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Aging is an inevitable process for all living organisms. In humans, the skin is the most markedly affected tissue.

Skin aging is a complex phenomenon that causes numerous changes to the skin components and is accompanied by various symptoms such as dryness, wrinkles, pigmentation, darkening, decreased dermal thickness and a loss of elasticity. Due to the gradual aging of various populations worldwide, and the advancement of science associated with aging, a variety of anti-aging procedures have been developed, such as cosmetics, photoprotection, and antioxidants, to prevent and treat skin aging. The business of anti-aging cosmetics, including cosmeceuticals, is growing rapidly in the skincare market and may have potential benefits for the care of elasticity, wrinkles, skin tone, and dermal density. However, although clinical experience suggests an important role for topical anti-aging formulations, such as eye cream and anti-wrinkle cream, further empirical studies are still needed to investigate their underlying mechanisms and confirm their effects.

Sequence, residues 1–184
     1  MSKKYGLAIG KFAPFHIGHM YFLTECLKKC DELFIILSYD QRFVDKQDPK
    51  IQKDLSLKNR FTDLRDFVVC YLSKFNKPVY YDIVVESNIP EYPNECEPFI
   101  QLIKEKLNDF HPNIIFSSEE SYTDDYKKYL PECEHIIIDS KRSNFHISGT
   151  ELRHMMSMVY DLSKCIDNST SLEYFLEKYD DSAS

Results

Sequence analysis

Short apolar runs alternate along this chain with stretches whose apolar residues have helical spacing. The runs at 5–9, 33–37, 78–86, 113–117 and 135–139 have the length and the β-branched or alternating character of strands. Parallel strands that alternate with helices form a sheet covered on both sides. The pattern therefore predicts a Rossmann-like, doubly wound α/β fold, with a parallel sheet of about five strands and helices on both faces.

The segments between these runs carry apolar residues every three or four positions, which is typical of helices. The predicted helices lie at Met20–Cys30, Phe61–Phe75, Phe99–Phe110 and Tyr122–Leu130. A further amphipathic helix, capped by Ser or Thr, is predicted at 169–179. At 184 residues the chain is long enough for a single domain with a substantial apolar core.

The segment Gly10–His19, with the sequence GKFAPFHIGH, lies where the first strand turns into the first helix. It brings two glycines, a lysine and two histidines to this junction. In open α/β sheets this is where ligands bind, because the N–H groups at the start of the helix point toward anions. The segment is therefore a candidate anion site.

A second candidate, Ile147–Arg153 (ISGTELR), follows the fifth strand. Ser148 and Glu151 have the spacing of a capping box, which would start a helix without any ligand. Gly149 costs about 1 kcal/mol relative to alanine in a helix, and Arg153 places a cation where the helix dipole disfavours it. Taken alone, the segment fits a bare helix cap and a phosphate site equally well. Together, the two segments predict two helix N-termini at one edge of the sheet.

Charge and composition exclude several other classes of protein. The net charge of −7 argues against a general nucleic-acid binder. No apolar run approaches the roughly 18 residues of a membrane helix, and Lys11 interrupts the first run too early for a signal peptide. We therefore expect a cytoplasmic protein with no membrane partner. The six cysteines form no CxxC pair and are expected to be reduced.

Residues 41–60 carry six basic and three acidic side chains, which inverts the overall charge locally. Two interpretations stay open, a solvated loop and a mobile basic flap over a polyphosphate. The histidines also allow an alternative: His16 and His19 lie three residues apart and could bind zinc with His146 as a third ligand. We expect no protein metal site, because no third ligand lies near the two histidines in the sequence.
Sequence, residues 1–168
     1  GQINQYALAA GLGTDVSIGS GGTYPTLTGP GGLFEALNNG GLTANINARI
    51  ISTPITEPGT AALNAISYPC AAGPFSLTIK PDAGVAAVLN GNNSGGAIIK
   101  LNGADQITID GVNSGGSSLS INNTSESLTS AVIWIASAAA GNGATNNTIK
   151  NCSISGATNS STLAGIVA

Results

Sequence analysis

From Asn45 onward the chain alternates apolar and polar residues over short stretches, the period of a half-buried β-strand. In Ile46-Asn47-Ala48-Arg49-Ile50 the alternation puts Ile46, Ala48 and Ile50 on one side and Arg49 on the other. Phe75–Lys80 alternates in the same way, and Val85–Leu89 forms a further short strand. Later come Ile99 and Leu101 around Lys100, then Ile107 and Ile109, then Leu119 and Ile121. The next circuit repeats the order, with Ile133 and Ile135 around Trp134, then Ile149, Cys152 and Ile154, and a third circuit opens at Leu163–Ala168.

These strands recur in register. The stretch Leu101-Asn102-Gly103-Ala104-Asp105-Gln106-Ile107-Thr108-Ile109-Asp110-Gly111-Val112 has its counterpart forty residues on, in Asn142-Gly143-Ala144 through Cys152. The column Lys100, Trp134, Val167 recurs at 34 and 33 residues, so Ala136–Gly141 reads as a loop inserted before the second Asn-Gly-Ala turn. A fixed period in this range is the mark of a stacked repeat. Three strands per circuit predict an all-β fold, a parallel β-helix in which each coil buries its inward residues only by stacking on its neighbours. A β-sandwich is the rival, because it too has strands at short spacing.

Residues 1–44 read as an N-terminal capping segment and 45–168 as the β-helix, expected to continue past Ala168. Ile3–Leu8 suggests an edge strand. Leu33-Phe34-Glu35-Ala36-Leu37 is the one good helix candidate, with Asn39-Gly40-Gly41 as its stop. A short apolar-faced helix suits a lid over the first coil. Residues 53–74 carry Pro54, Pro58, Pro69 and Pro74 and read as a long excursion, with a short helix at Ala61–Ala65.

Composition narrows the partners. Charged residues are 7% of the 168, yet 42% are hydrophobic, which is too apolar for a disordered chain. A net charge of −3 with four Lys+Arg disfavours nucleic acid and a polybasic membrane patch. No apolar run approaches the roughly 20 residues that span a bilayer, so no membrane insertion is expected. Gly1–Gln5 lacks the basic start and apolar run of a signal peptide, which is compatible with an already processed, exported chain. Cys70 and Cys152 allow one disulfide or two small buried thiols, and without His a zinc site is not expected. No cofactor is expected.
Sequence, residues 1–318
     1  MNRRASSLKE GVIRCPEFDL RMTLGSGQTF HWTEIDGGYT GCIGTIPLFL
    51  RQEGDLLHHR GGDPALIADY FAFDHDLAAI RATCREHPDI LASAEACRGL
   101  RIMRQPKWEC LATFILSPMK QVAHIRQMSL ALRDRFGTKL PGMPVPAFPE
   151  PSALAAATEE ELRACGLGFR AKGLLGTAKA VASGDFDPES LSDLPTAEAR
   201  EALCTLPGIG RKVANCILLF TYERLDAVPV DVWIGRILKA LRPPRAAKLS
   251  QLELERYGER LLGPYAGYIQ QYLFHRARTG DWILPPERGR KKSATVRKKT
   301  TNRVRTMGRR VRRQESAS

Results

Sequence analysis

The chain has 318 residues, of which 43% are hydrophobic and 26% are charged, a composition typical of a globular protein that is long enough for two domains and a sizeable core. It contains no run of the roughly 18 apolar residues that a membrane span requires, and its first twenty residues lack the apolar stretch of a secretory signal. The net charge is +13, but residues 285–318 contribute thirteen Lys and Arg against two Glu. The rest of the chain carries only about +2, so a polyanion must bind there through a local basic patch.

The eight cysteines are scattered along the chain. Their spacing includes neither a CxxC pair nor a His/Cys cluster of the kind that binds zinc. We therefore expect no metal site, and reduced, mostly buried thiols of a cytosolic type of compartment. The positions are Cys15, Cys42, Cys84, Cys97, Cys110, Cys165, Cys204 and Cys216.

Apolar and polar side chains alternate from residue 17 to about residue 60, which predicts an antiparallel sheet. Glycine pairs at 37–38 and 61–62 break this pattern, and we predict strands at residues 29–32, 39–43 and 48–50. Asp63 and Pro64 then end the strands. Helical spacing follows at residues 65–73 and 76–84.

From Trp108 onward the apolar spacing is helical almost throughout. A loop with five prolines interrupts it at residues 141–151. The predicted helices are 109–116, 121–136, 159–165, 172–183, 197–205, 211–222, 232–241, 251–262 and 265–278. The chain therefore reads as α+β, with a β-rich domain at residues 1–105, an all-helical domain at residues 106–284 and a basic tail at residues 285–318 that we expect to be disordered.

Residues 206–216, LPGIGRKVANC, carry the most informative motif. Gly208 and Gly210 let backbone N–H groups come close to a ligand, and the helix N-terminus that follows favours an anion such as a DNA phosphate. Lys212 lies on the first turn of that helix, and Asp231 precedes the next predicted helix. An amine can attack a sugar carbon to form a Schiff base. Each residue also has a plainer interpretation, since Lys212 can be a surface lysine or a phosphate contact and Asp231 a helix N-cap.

Increasing ethical attention to animal experiments have led to the development of various alternative methods based on the 3Rs (Refinement, Reduction and Replacement). Cosmetic research and skin ageing research are particularly susceptible to concerns related to animal testing. In addition to animal welfare reasons, there are scientific and economic reasons to reduce and avoid animal experiments. Importantly, animal experiments may not reflect the findings in humans, mainly because of the differences in architectures and immune responses between animal skin and human skin.

Biochemical methods are useful for direct analysis of the key reactions of skin ageing. For example, some enzymes are closely related to skin ageing. The activity of elastase, which can break down elastin fibers, provides an indication of dermal connective tissue damage, leading to wrinkles and sagging skin. Collagenase breaks down collagen, and thus, inhibiting collagenase may be an effective way to prevent wrinkles. These enzymes can be determined chemically and directly.

At Creative Bioarray, we don't want to set limits to your drive for research! From classic efficacy studies to the demonstration of innovative parameters, we are happy to assist you with a variety of methods in efficacy testing.

We can evaluate the anti-ageing effect of active cosmetic compounds on:

  • cell renewal (cell proliferation, differentiation and migration)
  • extracellular matrix synthesis and degradation (collagen, elastin, hyaluronic acid, MMPs, etc.)
  • senescence marker expression
  • free radical production

Creative Bioarray has many in vitro models at your disposal:

  • Fibroblasts
  • Keratinocytes
  • Three-dimensional (3D) reconstructed human skin equivalents

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